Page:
Slavery is a global, criminal industry generating $150bn a year. An estimated 35.8 million people live in a state of modern slavery today. It takes many forms, and is known by many names. Today’s slaves are trapped in fishing fleets and sweatshops, mines and brothels, and in the fields and plantations of countries across the world. It can be called human trafficking, forced labour, slavery, or it can refer to the slavery-like practices that include debt bondage, forced or servile marriage, and the sale or exploitation of children.
On the 26th September 2013 at the annual Clinton Global Initiative in New York City, Legatum Foundation announced that it has partnered with two leading anti-slavery activists and donors, Humanity United and Walk Free to create the Freedom Fund, an ambitious seven-year effort to raise and deploy $100 million or more to combat modern-day slavery.
The Freedom Fund is the world's first private donor fund designed to end modern-day slavery. It is based on the investment approach of its founders and aims to leverage donor funds to significantly increase the impact of existing and new anti-slavery initiatives and enable the scaling up of successful programmes globally.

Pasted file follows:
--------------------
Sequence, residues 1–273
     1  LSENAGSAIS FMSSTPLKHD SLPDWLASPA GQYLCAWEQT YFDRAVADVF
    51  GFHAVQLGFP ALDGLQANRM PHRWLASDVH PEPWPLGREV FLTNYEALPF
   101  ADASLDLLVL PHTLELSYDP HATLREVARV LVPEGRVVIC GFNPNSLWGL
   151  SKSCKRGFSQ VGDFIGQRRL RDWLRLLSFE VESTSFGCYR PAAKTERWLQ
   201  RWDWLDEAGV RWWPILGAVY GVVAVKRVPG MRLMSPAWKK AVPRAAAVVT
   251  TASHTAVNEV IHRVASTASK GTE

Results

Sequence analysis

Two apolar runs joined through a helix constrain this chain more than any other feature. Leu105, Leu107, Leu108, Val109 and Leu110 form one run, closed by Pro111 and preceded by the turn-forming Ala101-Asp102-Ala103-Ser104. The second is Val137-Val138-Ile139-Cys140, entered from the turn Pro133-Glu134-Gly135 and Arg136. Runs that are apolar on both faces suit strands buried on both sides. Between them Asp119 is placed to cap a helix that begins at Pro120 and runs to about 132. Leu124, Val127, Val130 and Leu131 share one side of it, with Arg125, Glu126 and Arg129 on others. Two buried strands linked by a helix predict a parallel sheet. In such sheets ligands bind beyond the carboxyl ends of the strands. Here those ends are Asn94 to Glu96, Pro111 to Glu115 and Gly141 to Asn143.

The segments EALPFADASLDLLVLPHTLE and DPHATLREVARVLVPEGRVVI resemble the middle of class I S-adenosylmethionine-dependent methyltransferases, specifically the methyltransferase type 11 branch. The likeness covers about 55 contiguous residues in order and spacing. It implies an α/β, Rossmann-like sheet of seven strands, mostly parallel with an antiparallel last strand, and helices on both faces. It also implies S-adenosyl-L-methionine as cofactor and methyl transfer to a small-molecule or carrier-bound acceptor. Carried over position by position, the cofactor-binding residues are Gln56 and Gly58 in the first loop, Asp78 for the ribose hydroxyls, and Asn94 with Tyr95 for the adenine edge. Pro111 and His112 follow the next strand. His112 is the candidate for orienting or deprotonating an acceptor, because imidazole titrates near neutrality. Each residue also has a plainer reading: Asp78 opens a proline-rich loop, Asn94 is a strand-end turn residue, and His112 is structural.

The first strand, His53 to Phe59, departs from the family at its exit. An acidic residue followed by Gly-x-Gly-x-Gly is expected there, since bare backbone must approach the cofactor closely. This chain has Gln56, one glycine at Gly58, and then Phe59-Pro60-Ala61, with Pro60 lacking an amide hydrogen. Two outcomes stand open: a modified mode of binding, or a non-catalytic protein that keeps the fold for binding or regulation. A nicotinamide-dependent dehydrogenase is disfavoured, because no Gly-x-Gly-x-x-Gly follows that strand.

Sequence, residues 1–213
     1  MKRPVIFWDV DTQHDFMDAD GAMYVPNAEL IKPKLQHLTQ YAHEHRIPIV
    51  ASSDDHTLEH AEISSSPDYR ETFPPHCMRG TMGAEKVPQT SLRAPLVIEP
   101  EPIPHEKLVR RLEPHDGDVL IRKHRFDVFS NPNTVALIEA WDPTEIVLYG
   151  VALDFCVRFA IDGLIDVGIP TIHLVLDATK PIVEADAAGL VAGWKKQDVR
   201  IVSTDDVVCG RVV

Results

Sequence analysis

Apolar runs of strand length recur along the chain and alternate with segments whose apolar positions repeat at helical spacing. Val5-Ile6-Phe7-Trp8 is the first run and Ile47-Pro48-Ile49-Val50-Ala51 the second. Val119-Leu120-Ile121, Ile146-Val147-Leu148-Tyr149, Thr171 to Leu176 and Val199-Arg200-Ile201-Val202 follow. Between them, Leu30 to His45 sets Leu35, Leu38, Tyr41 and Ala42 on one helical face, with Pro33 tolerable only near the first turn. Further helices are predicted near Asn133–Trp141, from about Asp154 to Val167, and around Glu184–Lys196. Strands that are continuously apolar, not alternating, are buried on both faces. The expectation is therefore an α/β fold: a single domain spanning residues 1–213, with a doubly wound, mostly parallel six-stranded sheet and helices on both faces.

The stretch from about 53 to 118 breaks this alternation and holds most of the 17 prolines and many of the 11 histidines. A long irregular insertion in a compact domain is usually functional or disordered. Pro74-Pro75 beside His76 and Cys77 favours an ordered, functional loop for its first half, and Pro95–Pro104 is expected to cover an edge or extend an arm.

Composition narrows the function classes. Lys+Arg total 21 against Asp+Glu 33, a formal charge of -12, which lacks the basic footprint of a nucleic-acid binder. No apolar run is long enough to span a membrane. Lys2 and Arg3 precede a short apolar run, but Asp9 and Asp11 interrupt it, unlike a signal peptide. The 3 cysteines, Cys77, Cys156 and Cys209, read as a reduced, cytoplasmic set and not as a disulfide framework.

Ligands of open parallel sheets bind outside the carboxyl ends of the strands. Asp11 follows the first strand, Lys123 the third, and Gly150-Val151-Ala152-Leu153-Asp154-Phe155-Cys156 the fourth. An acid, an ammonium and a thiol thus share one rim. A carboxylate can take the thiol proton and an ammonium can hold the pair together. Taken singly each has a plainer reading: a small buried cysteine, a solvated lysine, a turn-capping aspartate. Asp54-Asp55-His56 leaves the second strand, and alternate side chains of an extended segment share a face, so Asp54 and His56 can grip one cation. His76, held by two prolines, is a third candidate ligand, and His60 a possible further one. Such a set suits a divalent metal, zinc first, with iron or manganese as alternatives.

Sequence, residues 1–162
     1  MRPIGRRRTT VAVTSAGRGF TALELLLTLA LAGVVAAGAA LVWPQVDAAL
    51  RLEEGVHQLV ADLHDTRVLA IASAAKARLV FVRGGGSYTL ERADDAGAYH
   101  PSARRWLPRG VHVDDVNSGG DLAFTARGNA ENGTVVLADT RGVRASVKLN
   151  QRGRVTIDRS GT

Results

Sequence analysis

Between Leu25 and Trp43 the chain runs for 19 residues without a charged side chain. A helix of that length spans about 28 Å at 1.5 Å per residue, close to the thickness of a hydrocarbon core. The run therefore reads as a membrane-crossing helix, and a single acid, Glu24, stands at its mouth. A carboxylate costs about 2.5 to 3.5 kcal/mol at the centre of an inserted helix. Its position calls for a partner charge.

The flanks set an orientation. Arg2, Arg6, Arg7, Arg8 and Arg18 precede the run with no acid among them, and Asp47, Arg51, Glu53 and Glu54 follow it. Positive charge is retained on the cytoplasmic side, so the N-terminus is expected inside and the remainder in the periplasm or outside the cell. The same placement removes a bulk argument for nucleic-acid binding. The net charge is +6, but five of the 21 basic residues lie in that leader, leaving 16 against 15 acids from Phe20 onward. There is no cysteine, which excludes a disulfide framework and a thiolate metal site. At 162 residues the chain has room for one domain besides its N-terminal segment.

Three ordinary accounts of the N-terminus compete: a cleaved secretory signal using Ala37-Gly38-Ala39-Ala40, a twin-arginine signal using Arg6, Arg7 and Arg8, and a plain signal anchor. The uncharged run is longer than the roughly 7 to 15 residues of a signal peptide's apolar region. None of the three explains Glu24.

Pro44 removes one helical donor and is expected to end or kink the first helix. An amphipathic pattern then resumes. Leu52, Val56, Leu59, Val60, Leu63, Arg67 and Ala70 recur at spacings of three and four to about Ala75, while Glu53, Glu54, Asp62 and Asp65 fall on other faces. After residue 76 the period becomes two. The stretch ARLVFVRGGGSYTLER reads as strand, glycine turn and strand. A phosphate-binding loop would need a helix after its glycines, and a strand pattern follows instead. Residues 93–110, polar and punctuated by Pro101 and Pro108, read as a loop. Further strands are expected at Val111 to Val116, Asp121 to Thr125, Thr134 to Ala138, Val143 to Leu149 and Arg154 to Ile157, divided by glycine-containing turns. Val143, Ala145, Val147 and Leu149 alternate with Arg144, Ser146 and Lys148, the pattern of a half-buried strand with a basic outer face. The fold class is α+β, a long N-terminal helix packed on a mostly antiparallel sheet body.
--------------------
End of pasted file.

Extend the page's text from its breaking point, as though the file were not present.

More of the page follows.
The Fund targets specific areas of high prevalence using a ‘Hotspot’ funding model. A “hotspot” refers to a geographic area known to have a high incidence of modern slavery. Within these hotspots the Fund supports a range of community-based organisations to help them protect those at risk of slavery, liberate and rehabilitate those enslaved and prosecute those responsible. The Fund also aims to disrupt the systems, at a national and international level, that perpetuate slavery and reinforce those that foster freedom, including through policy advocacy, private sector engagement, and working with the media.
Legatum is committed to fighting this scourge which often feeds on the dreams of the poor who are seeking a better life. The victims are mostly women and children who have hopes of learning a new skill, working as a domestic servant or in a factory. Instead, they find servitude, forced labour and sometimes prostitution.
Over the past decade, Legatum has funded over 125 projects aimed at empowering, educating and rescuing victims of trafficking and slavery. Click here to explore some of our activities in this area.